Five insights in five minutes
Your biggest client has just walked through the door. She slams a copy of the FT on the desk, leans in, and asks: “So where are commodity prices heading now then, eh?” One answer you could give is: “The same place your equities are going.” As can be seen in the chart below, the relationship between the S&P 500 and global commodities is pretty significant. Indeed, the current five-year correlation is about 90 per cent, based on Bloomberg data, the highest in 70-odd years. Versus global indices is similar. Also helpful is to remind your client of her dollar view. It would be inconsistent, based on a negative historic correlation of 60 per cent, to be bullish on the greenback and commodity prices. Between the two she has to choose. And now is not a bad moment to do so as both are up strongly year to date, affording the opportunity to take profits in one or the other. Such answers seem evasive. But a golden rule of portfolio management is to at least be internally consistent.
Ways to play: commodities, US equities, global equitiesFor illustrative purpose only.
With the global economy closing down last year, carbon emissions fell by seven per cent. For context, that would put us on track to meet the goal of limiting global warming to 1.5 degrees Celsius – but of course it would need to happen every year for the next decade. Now emissions are exceeding 2019 levels again, and that’s before China’s decision this week to burn more coal to address an electricity shortage. Short of an annual pandemic therefore, solutions are needed to redesign economies. Innovation is the answer as well as an opportunity for investors. Already there is more than USD130 billion of assets under management globally in climate change funds, according to the IMF, more than double from 2019. Investor due-diligence is advised, however. The chart below highlights that funds with an environmental focus more often support climate-related board resolutions than conventional funds. A smaller difference lately could mean greenwashing by some. Invest wisely.
Ways to play: Climate change equity funds, green bond fundsFor illustrative purpose only.
This week marks the beginning of the US earnings season. How will company profitability compare with forecasts this quarter? Analysts reckon profits of companies in the S&P 500 should rise almost 40 per cent versus the previous quarter. That’s good, but not as impressive as it used to be, especially for financials, with consensus year-over-year growth estimates of ‘only’ 48 per cent this quarter – against 130 per cent in the second quarter. But remember that comparisons are confused by the fact that last year, earnings were bouncing off their pandemic floors. Still, the S&P 500 has already risen 18 per cent since January and the average stock in the index now trades at around 20 times forward earnings. Thanks to surging profitability, however, that’s down from 28 times a year ago and declining fast.
Ways to play: US equities, global equities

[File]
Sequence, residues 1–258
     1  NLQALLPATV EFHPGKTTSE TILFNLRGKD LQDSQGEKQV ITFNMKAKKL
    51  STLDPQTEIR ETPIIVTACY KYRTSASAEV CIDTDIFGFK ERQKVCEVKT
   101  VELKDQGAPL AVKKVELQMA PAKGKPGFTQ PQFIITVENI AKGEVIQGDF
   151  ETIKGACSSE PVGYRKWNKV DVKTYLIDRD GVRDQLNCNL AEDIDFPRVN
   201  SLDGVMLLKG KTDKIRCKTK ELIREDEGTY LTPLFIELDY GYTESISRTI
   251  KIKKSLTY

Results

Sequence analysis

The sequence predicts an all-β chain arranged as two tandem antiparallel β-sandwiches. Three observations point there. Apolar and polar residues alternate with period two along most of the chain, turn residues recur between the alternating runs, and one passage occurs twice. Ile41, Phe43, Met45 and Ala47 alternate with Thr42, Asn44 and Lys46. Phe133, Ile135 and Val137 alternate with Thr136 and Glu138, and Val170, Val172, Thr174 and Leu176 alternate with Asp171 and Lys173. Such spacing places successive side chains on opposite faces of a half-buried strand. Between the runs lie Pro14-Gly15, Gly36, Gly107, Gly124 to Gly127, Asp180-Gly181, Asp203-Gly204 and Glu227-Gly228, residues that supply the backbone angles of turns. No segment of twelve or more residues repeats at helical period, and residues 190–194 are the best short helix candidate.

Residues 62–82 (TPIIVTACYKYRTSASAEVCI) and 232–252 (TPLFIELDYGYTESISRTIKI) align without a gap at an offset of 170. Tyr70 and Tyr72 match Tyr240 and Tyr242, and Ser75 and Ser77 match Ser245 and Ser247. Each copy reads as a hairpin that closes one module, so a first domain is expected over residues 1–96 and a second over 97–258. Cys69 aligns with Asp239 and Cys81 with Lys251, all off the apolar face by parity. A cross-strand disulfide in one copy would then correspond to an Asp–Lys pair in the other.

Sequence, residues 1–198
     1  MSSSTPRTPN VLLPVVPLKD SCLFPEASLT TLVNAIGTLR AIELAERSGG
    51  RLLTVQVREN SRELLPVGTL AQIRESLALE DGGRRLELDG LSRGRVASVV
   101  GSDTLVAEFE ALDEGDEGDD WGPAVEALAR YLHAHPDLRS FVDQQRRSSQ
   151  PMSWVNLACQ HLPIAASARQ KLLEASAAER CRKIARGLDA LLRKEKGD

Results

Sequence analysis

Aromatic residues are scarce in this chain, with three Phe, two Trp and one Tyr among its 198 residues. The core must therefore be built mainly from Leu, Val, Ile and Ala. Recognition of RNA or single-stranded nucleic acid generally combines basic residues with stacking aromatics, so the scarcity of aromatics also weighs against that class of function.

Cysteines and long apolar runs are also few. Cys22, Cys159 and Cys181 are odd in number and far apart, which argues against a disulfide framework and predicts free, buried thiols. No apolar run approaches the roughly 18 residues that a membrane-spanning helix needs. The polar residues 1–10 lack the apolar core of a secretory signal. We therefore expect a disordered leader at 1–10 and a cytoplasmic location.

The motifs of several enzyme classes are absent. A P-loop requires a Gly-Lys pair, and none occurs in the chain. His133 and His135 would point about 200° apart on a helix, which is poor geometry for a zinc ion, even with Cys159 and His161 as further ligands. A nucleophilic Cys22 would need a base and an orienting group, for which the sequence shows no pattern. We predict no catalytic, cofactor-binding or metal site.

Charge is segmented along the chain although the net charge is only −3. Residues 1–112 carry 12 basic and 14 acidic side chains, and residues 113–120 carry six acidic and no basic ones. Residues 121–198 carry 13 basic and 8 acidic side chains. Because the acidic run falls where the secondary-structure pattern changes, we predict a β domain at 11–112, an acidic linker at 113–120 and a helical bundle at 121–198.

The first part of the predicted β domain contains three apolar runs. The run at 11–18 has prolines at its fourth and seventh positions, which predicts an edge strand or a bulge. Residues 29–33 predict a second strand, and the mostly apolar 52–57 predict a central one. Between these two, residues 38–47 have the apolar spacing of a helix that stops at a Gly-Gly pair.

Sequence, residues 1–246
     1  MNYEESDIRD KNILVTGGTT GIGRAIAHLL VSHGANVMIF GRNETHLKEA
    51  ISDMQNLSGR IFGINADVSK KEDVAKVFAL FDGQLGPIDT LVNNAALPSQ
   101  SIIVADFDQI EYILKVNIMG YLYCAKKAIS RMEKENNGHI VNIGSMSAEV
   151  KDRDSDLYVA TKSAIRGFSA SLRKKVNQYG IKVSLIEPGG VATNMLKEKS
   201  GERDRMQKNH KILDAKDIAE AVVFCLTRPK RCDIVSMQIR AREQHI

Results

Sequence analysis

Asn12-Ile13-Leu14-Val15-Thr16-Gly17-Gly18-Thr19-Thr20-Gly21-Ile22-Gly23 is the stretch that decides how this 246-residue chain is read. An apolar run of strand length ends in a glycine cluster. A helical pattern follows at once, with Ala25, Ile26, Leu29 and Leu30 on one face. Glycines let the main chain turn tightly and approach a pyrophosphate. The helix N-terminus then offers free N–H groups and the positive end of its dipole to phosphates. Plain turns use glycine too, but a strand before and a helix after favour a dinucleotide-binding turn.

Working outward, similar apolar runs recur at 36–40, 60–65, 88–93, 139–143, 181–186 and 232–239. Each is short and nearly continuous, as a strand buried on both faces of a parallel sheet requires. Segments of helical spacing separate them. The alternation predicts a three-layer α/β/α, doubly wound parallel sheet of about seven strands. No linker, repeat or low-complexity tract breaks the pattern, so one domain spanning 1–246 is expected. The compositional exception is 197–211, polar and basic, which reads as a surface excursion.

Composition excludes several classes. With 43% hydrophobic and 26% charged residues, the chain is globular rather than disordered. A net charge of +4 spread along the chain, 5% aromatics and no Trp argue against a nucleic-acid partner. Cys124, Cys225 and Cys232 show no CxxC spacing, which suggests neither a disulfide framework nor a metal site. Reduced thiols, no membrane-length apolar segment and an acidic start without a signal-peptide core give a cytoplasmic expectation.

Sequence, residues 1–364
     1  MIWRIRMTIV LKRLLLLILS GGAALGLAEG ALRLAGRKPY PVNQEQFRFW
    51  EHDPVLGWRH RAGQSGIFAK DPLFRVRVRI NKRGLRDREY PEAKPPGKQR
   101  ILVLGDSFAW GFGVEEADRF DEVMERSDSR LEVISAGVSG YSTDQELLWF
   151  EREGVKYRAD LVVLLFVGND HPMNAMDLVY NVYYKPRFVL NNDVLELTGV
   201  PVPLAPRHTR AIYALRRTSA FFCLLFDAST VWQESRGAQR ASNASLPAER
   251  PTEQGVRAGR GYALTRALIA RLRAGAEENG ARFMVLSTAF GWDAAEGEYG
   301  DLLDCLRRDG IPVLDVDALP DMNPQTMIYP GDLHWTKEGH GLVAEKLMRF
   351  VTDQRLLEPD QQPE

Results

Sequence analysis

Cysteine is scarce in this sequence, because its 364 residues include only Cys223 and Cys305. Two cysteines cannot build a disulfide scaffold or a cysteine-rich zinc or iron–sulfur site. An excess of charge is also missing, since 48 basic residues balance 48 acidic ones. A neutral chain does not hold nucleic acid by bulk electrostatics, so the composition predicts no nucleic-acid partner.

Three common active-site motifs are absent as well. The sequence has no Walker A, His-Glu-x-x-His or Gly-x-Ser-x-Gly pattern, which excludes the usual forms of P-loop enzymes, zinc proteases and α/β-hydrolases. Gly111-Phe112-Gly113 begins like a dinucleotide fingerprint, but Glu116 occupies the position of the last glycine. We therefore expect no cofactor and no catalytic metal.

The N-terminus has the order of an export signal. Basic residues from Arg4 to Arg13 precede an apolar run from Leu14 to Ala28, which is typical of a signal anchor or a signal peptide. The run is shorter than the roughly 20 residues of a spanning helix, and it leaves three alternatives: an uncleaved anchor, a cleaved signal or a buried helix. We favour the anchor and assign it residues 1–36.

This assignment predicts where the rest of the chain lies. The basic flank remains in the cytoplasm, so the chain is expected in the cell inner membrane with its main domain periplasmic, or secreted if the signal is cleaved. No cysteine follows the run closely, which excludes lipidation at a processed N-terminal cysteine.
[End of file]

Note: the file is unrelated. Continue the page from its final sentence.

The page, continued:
ESG in the Nobel
ESG ideals are integrated in this year’s Nobel Prizes. The Physics award went to scientists that confirmed global warming (E); an economics gong to an academic who found favourable empirical results for a minimum wage (S); and finally the Peace prize was given to journalists whose life work has been to keep their respective governments in check (G). All three fields influence asset prices. But pay is a particularly hot subject right now, with equity investors pondering what happens when record profitability meets rising wages. In the US, and elsewhere, firms are simply passing higher labour and input costs onto customers – keeping returns elevated, as can be seen in the chart below. Indeed, with consumer price inflation running at more than five per cent these days, American real wages are actually declining! And what if inflation moderates, as we expect, but pay doesn’t? Then higher productivity growth is needed to maintain margins. A worthy topic for the next Nobel.
AI in finance
Whilst we wait for our commercial flying cars and personal robots, artificial intelligence is being implemented in the finance world as banks (such as us and see the UBS announcement this week) build AI teams to drive digitisation. Over half of global financial services professionals in a NVIDIA survey this year believe AI will improve revenues by more than a tenth, as shown in the below chart. Benefits to clients of asset managers can go even further. We all have behavioural quirks, so there is great potential for controlled AI to identify and minimise common investment biases, such as loss aversion (irrationally favouring the avoidance of loss more than an equivalent gain). Take a 2017 New York data based study from Economics Bureau for example, in which judge’s decisions made by AI rather than humans reduced pre-trial jailing rates by over 40 per cent with no increase in crime. Fewer biases should mean better investment decisions too.
Ways to play: global equities and fixed incomeFor illustrative purpose only.
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